Our next exercise is the plank. This is a subtle exercise with drastic results. The main muscle targeted with this exercise is the transverse abdominis. This muscle acts like a belt, holding everything in – nice and tight. The plank is done by lying facedown on the floor with your forearms on the floor, shoulder-width apart, thumbs upward. You perform the exercise by coming up on to your toes and holding your body up with your arms, making sure to hold your core (back and stomach) muscles tight. Hold perfectly still in that position for as long as you can, a good duration to aim for is 30 seconds. To progress this exercise you can hold the position for longer or perform multiple sets in succession, resting about 30 seconds in between attempts.

Transverse Abdominis Diagram

Transverse Abdominis

Performing A Plank Exercise Diagram

Performing A Plank

The last exercise is intended to balance out your body. When ever you exercise your abdominal muscles you also need to exercise you’re the muscles of your lower back. If you were to only ever work the muscles of your front, they would eventually become so much stronger than the muscles of your back that you would not be able to stand up straight. The exercise we will use to serve this purpose is the alternating back extension. To perform this exercise you lie facedown on the floor with your arms and legs extended out in front of and behind you, respectively. Then you lift one arm and the opposite leg simultaneously, as high as you can, contracting your erector spinae. Returning to the starting position, you then alternate and lift the other arm and its opposite leg, again returning to the starting position. This exercise should take about four seconds to complete and should be repeated 4-5 times. You can progress this exercise by doing more repetitions or by adding more sets of equal repetitions.

Erector Spinae Diagram

Erector Spinae

Performing An Alternating Back Extension Exercise Diagram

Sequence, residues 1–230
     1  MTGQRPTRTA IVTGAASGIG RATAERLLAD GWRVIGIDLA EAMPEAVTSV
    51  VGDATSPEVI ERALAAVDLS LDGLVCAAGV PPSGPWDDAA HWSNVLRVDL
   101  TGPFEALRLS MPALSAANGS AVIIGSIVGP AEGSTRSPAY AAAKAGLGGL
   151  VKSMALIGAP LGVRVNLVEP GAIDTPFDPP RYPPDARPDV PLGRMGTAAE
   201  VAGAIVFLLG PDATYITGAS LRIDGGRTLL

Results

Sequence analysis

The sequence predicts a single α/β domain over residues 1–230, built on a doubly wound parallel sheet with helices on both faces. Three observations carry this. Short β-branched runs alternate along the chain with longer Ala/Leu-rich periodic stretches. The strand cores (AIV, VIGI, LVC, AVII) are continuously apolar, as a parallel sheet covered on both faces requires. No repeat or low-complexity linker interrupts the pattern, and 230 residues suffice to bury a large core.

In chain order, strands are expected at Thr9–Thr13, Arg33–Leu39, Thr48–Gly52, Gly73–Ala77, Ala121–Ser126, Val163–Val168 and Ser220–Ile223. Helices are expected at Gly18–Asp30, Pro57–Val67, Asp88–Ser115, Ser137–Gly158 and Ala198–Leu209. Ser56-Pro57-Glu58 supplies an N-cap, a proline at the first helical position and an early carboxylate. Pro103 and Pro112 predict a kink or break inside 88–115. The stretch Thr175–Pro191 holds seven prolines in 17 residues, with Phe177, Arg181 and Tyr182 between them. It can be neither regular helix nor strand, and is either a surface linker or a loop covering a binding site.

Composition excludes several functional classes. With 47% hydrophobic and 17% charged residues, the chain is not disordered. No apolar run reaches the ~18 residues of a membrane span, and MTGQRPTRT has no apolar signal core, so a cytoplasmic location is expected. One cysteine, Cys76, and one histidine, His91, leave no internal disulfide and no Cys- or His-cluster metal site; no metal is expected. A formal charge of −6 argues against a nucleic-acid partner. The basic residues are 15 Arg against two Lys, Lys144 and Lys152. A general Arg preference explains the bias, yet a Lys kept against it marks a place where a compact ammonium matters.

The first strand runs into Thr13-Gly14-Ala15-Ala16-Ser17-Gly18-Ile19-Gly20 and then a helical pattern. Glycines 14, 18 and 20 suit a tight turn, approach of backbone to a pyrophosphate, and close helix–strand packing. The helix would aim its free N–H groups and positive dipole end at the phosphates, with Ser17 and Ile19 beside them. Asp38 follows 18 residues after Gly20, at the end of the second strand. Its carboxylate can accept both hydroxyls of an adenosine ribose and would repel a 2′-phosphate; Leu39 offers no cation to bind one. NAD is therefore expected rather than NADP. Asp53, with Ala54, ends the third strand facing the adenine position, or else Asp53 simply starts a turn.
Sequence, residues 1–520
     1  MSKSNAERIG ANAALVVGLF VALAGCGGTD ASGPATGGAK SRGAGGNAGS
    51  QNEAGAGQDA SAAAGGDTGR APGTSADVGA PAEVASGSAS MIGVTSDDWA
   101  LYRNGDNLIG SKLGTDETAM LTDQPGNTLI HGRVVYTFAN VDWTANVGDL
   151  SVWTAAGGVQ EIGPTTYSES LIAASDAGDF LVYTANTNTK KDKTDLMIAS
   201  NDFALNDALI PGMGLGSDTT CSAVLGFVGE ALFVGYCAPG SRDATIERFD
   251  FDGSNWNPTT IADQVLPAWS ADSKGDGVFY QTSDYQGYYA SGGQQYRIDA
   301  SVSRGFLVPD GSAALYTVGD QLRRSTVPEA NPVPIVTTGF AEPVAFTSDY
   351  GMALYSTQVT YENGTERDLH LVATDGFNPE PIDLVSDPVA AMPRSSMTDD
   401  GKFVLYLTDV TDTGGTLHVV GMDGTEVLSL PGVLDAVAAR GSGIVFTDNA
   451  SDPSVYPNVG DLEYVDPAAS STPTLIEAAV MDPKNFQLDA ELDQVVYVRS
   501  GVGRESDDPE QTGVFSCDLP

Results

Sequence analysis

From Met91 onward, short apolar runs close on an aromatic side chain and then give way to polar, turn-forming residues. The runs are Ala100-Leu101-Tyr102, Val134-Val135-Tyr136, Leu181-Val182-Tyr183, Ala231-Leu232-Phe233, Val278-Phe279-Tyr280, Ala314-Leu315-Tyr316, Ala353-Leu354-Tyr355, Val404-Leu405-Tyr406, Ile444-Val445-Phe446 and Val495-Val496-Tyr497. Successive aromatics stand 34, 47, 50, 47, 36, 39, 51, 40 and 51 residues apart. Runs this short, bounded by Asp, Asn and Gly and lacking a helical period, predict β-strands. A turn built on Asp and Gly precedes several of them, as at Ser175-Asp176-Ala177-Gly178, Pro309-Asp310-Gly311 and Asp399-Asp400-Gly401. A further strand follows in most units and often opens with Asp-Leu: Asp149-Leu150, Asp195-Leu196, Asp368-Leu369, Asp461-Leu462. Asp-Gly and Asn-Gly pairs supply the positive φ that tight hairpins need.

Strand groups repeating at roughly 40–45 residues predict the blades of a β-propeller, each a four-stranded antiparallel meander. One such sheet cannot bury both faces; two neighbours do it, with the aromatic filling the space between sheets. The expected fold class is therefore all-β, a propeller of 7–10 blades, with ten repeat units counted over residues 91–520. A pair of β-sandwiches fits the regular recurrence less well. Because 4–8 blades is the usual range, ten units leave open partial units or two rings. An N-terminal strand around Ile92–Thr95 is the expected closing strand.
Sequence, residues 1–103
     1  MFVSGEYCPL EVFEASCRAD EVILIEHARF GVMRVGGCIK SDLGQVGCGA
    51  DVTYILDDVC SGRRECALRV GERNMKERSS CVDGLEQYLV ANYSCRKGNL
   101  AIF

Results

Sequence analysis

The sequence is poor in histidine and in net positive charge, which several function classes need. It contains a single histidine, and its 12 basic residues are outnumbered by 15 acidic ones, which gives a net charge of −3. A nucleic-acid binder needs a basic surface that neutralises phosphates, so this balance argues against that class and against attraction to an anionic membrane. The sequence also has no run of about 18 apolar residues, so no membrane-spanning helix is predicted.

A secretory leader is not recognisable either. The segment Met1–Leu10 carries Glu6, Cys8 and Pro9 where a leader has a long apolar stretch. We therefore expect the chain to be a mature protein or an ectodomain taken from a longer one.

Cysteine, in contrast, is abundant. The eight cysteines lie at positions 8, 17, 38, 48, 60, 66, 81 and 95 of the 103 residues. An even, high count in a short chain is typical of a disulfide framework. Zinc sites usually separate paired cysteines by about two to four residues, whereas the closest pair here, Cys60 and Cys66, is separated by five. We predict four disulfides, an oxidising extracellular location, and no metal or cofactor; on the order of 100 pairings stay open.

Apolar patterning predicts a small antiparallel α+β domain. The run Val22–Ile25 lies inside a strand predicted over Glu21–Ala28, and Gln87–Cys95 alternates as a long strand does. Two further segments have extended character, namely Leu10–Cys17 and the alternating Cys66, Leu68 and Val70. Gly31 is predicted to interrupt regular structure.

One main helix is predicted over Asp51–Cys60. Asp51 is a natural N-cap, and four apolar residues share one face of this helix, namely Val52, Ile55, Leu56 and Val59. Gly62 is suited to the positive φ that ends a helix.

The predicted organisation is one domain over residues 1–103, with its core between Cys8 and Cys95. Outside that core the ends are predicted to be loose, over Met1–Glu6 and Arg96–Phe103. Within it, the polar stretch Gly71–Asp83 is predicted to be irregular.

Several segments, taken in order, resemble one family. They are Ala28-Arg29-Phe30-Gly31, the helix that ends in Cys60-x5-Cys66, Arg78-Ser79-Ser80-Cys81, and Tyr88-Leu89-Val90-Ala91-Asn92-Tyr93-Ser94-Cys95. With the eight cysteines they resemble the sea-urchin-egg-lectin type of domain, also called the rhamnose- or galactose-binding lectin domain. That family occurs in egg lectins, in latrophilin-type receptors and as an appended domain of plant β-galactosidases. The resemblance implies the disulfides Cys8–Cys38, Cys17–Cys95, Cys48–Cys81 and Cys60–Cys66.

Performing An Alternating Back Extension

Now comes the stretching. This is an important and often overlooked aspect of an exercise regimen. It doesn’t take much time or effort to stretch your core muscles after a work-out. Each of the following stretches should be held for at least 20 seconds and should be repeated at least twice. You should be breathing though the entirety of each stretch. The first stretch is the standing T-bend. This is done by standing, holding your arms up at your sides forming a ‘T’ shape and bending as far as you can to one side, holding, and then bending to the other side and holding. This stretches your obliques. The second stretch is taken from yoga and is called the prayer pose. Executing this stretch requires sitting on the floor, with your legs bent underneath you. You then lean forward with your arms outstretched trying to get as close to the floor as you can and holding this position. This stretches your erector spinae. The last stretch is called the full body stretch. To do this stretch you simply lie down on the floor on your back and stretch your arms and legs out linearly, as far as you can. This stretches out your rectus abdominis nicely.

This exercise program should be executed 3-4 times a week, in conjunction with your regular fitness routine. Unfortunately, there is no exercise that can give you instant results. Typically, someone will have to wait at least six weeks to see any physical changes. If you use this situation at this moment as your inspiration and motivation, and stick to this program, progressing these exercises and finding additional exercises to incorporate throughout the year, by the next bikini season I guarantee: you will feel excited, rather than anxious, to show your bikini body.